Qualifiers: players will be classified under one position even if they played at more than one. They must also have at least two seasons as the team’s primary starter at the position.
Six-time All-Star shortstop Nomar Garciaparra developed into a phenomenal pure hitter and one of the top players of his generation with the Boston Red Sox. In his six full seasons with the Red Sox, Garciaparra posted at least 5.9 wins above replacement per year and totaled 39.6, the eighth highest WAR in team history. He won two batting titles and became the fourth Red Sox player to bat over .370 in a season. In 966 games, he batted .323 with a .370 on-base percentage, .553 slugging percentage, 178 home runs, and 279 doubles. His .923 OPS is the sixth best in Red Sox history.
Hall of Famer Joe Cronin played his last 11 seasons in Boston from 1935 to 1945. Cronin was an outstanding shortstop and a successful manager and general manager for the Red Sox. In 1,134 games with the team, he batted .300, reached base at a .394 clip, and slugged .484 with 119 home runs and 270 doubles. He went to four All-Star Games with the Red Sox and managed them to a .539 winning percentage. He ranks tenth in team history with a .878 OPS.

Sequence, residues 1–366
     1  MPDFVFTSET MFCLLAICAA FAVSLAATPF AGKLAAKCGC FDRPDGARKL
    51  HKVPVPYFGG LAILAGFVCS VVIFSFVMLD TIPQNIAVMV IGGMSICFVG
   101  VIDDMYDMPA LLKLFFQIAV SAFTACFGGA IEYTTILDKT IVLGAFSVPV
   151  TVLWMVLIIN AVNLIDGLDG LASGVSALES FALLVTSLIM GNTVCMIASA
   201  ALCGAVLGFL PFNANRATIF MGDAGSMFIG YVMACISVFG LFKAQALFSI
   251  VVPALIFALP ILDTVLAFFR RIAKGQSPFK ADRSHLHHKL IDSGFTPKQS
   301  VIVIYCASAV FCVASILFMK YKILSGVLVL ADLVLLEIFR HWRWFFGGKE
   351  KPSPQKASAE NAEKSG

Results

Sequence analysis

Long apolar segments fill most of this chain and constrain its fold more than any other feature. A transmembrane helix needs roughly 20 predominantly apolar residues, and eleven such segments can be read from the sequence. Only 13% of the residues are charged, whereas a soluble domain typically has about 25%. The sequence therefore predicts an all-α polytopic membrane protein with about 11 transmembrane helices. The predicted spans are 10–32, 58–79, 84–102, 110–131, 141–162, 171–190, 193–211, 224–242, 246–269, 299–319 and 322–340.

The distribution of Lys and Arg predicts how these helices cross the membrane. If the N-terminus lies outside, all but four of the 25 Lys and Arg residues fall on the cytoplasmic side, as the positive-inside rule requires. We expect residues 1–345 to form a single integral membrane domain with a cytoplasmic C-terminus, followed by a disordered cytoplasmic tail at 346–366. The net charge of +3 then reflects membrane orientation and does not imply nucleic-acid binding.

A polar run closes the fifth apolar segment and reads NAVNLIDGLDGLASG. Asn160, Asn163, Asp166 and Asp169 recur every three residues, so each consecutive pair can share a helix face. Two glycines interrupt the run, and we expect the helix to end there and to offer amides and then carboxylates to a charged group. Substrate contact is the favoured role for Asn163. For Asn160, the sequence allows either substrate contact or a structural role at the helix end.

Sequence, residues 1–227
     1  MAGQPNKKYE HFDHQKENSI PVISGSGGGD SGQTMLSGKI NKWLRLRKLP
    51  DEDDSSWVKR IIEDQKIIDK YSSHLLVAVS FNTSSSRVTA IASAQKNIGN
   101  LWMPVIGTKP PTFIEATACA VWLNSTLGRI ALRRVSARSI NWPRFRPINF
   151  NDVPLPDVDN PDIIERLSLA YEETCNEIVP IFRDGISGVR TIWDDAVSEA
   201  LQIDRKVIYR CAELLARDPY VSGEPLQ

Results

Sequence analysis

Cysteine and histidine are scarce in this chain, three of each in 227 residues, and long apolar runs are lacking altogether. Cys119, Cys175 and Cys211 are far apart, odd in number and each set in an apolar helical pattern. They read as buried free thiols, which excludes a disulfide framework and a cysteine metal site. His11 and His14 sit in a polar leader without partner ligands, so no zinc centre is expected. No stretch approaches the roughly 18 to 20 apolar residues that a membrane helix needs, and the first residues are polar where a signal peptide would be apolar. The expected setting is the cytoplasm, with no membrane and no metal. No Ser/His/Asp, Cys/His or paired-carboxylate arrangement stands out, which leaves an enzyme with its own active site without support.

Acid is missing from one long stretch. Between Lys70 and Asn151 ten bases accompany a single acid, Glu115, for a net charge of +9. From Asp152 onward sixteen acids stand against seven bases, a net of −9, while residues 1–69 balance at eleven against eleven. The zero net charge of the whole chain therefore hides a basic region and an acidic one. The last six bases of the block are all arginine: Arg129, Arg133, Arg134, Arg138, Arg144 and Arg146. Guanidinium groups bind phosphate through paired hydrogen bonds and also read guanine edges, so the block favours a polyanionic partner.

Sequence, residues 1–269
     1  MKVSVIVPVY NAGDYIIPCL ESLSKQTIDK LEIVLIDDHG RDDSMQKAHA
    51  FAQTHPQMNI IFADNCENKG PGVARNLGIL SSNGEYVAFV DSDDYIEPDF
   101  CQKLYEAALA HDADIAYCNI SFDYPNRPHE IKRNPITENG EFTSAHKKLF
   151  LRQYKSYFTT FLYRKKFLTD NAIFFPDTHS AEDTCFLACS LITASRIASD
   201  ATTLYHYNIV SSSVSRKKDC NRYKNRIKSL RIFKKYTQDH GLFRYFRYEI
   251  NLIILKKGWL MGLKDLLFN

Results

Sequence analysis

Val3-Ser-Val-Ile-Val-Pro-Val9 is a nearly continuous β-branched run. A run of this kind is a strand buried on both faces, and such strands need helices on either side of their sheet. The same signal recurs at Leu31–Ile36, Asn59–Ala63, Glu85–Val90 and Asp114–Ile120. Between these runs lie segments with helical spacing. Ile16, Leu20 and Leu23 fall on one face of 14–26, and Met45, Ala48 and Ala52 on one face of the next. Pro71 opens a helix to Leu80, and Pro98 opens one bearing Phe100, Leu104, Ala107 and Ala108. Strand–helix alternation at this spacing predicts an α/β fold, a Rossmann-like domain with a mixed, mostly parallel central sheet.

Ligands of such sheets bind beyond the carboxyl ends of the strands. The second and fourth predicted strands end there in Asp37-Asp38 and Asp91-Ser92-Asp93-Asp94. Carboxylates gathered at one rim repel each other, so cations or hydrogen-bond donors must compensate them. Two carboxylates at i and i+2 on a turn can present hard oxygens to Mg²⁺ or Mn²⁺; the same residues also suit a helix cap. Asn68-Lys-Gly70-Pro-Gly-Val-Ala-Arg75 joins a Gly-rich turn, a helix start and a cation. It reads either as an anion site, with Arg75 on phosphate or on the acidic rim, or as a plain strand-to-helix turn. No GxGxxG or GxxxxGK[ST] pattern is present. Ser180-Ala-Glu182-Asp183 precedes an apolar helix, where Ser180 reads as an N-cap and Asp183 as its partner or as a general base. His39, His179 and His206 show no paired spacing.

One of the most iconic and lasting figures in Red Sox history, Johnny Pesky began his Major League career in 1942, the first of eight great seasons with the Red Sox. Pesky led the American League in hits in each of his first three seasons and he scored over 100 runs six straight times to start his career. He’s one of seven Red Sox to maintain an OBP north of .400 in his career with the team. His overall slash line in Boston was .313/.401/.393 with a 110 OPS+, an incredible 3.07 walk-to-strikeout ratio, and 4.3 WAR per season. His ties to the Red Sox went far beyond his accomplishments on the field and he remained a prominent face in the organization throughout his life.
Two-time All-Star shortstop Rico Petrocelli played his entire Major League career in a Red Sox uniform from 1963 to 1976. Petrocelli was a great shortstop with both the bat and the glove. He maintained a 108 OPS+ in his career, peaking in 1969 with career-highs of a .297 average, .403 OBP, and 40 home runs. He ranks in the Red Sox’ all-time top ten in home runs (210), walks (661), and RBI (773).
One of the greatest run producers to ever patrol the shortstop position, Vern Stephens played five of his prime years for Boston from 1948 to 1952. Stephens went to four consecutive All-Star Games with the Red Sox and he led the AL in RBI twice during his tenure. In his first three years with the team, he averaged 33 home runs and 147 RBI per season. He maintained a slash line of .283/.364/.492 with a 118 OPS+ in 660 games for Boston.
Honorable mentions: John Valentin, Rick Burleson, Freddy Parent, Heinie Wagner, Eddie Bressoud, and Everett Scott.
Boston Red Sox Team History & Encyclopedia, Baseball-Reference.com
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